In the six hours they were there, Cunningham and Hunter checked off everything on their list with time to spare for back massages. They weren’t able to walk away with disability assistance or housing, but they were happy to get the resources they need to follow up on their applications.
As for that cavity, Cunningham set an appointment for Wednesday to get it taken care of at a free clinic.
"I’m absolutely grateful," she said. "It’s going to make a huge impact."
"All this has been really helpful," Hunter added. "I’m glad this has been put together."
It’s so difficult to get out of (shelter) once you’re there. I never wanted to be homeless.
Strong, a Sandy resident who took Friday off from work to volunteer with Project Homeless Connect, called the event "amazing," adding that Hunter’s and Cunningham’s situations were "heartbreaking."
"I think a lot of people have preconceived notions about homeless people in the community and they judge," she said, "but you just don’t know. It can happen to anybody."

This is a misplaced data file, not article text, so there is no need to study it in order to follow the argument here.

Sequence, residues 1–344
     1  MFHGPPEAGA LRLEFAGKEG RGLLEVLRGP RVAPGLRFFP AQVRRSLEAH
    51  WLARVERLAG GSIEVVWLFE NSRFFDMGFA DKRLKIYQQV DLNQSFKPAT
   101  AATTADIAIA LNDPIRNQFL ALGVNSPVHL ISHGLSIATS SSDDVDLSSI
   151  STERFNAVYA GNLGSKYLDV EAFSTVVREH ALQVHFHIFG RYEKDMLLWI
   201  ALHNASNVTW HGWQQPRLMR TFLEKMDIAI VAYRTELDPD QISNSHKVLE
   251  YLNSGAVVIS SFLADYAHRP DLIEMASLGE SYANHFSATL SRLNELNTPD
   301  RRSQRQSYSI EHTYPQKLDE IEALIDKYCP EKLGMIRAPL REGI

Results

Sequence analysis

Judging by the number of welcome bags handed out, city officials estimate about 900 people attended Friday’s event.
Thomas Redpipe gets his hair cut by Casey Kinnaman, from City Barbers, at Salt Lake City’s first Project Homeless Connect at the Salt Palace Convention Center in Salt Lake City on Friday, Oct. 6, 2017. (Photo: Kristin Murphy, KSL)
The Salt Lake County Health Department reported it gave 180 hepatitis A shots and 200 flu shots. Eye provider Moran Outreach did 150 vision screenings, and addiction treatment center First Step House worked with 20 individuals and got six people into treatment Friday, the providers reported.
Salt Lake City Mayor Jackie Biskupski said nearly 600 volunteers helped and the city contributed $20,000 to what she hopes will become an annual event.
"We really are seeing the community come together in a way that says, ‘Everybody is somebody, and we all have work to do. Let us help you succeed,’" Biskupski said. "This help is creating hope, and that hope is creating opportunity — opportunity for people to not just get services but to be acknowledged and actually feel validated, to feel human."